Planting trees in coastal areas can help stressed coral reefs

6 Oktober 2021

Photo: Pixabay/Kanenori

Planting forests along coastlines in tropical regions could have an unexpected benefit in the sea too: helping save embattled coral reels.

The reason for that is that thicker vegetation in coastal regions could greatly reduce the amount of toxic sediment run-off that reaches coral reefs from land and undermines these reefs’ resilience.

A team of scientists at the University of Queensland has reached this conclusion after studying over 5,500 coastal areas worldwide, of which nearly 85% of coastal areas leach sediment to coral reefs, they have found.

That is troubling because much of the run-off is laced with toxic agrichemicals and land clearing along coastlines increases the amount of pollutive sediments that seep into coastal waters.

In fact, pollution from land in the form of run-offs poses the second most serious threat to the planet’s reefs behind climate change, the scientists say.

“Increased sedimentation can cause aquatic ecosystems to be more sensitive to heat stress, which decreases the resilience of corals to pressures caused by climate change,” says Andrés Suárez-Castro, an expert at the university’s Centre for Biodiversity and Conservation Science.

“If the link between the land and sea is not recognised and managed separately, any future efforts to conserve marine habitats and species are likely to be ineffective,” he explains.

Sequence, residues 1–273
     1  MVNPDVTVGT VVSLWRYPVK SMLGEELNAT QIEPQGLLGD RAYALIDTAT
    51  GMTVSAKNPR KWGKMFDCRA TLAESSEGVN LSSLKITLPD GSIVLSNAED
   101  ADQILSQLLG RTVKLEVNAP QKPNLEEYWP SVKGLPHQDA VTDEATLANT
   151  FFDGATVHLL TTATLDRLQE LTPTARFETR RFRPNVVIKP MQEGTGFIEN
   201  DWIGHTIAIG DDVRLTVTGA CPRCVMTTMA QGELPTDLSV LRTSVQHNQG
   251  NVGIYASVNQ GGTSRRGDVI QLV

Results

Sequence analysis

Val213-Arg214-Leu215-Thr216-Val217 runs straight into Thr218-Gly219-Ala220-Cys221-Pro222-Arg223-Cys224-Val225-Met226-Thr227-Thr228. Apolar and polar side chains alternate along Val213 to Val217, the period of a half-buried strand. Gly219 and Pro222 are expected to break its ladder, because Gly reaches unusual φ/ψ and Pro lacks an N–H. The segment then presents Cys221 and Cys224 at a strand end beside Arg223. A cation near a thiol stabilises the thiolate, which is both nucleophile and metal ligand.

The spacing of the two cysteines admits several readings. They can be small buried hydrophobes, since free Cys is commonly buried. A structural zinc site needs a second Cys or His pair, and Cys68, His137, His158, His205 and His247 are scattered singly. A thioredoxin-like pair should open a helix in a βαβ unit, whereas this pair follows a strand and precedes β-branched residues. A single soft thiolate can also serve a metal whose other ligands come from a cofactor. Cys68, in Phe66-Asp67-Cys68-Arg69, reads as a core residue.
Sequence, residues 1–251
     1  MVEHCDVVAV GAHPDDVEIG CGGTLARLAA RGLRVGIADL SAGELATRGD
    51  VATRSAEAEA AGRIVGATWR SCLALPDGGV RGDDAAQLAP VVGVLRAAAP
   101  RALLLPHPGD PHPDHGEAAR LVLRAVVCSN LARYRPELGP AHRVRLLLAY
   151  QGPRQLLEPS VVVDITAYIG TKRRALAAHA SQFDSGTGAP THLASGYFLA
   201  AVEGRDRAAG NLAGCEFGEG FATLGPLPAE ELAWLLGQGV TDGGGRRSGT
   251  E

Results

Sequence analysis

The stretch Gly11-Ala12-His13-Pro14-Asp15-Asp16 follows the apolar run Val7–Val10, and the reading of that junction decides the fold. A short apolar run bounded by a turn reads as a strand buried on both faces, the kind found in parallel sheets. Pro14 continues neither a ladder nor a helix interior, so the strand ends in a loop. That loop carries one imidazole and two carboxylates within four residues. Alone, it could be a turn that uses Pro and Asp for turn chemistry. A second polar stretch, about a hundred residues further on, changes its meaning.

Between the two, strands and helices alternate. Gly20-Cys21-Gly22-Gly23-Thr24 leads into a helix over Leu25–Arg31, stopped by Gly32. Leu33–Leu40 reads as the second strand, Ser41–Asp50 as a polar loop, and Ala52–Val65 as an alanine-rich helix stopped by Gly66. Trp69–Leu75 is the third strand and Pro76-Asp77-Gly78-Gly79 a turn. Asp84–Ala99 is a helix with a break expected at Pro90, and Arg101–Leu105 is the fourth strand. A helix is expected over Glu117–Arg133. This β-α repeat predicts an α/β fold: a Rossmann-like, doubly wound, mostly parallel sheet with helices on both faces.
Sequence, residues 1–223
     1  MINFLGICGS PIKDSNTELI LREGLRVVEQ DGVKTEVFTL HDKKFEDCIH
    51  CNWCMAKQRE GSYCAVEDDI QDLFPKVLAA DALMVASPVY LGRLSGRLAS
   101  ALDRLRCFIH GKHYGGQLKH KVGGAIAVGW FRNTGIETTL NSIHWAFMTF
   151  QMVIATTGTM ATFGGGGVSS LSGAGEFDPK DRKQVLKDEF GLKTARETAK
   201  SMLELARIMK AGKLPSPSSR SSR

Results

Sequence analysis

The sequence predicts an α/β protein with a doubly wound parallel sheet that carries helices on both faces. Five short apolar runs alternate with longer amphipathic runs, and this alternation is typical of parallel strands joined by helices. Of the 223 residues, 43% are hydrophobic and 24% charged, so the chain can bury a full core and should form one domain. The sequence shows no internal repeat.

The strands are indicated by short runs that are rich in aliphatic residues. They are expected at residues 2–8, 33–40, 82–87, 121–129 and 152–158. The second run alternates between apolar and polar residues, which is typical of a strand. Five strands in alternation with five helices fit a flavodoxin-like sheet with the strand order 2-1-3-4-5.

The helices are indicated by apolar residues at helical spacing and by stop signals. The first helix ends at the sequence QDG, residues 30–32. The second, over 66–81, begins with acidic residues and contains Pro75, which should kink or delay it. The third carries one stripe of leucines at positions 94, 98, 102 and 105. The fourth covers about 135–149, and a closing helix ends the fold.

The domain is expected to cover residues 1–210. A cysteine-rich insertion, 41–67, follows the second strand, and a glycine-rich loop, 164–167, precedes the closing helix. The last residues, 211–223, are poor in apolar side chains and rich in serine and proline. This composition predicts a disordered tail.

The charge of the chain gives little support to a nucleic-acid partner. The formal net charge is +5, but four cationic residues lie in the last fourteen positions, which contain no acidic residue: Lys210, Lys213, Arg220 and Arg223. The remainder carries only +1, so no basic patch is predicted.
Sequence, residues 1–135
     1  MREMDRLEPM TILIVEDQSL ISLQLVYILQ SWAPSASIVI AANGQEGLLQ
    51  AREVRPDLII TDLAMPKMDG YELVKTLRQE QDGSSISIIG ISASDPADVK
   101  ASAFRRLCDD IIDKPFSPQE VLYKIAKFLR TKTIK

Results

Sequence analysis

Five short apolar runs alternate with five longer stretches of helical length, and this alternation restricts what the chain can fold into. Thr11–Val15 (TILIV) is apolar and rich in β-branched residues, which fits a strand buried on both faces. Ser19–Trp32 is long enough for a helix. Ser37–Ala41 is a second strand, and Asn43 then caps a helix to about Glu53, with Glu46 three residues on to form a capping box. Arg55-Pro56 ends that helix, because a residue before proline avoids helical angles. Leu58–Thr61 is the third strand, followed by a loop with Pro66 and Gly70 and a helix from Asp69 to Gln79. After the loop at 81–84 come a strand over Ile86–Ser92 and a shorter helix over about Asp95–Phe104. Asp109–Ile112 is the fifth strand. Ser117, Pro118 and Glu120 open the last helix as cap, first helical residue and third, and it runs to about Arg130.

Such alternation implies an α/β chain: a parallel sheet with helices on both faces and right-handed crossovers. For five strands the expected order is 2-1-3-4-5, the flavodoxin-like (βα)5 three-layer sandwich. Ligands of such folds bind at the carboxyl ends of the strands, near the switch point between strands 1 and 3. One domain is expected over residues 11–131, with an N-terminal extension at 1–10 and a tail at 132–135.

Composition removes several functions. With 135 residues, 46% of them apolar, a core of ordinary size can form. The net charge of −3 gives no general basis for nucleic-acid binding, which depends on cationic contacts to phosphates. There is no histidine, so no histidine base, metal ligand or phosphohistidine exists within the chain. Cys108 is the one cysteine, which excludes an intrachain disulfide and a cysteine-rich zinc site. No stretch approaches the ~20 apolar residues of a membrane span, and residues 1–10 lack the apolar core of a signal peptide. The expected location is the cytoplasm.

The scientists say that by restoring land in coastal areas and boosting their vegetation, countries and communities can reduce the amount of sediment run-off drastically.

“Reforestation is hugely important as it maintains the stability of soils that are vital in limiting erosion risk: it also helps to trap more sediments and prevent them from reaching aquatic systems,” Suárez-Castro says.

“Building coral resilience through reducing sediment and pollution is also key to improving a coral reef’s potential for recovery. If land management to reduce sediment runoff does not become a global priority, it will become increasingly challenging, if not impossible, to protect marine ecosystems in the face of climate change,” he warns.

If on average 1,000 hectares of forest was restored in each coastal basin, the amount of sediment reaching coral reefs from land could be reduced by 8.5% on average among reefs that spread over an area of 63,000 square kilometres, the experts have discovered.

“Our approach can be adapted with local data to identify optimal actions for preserving ‘win-wins’ for multiple ecosystems spanning the land and sea,” Suárez-Castro says.

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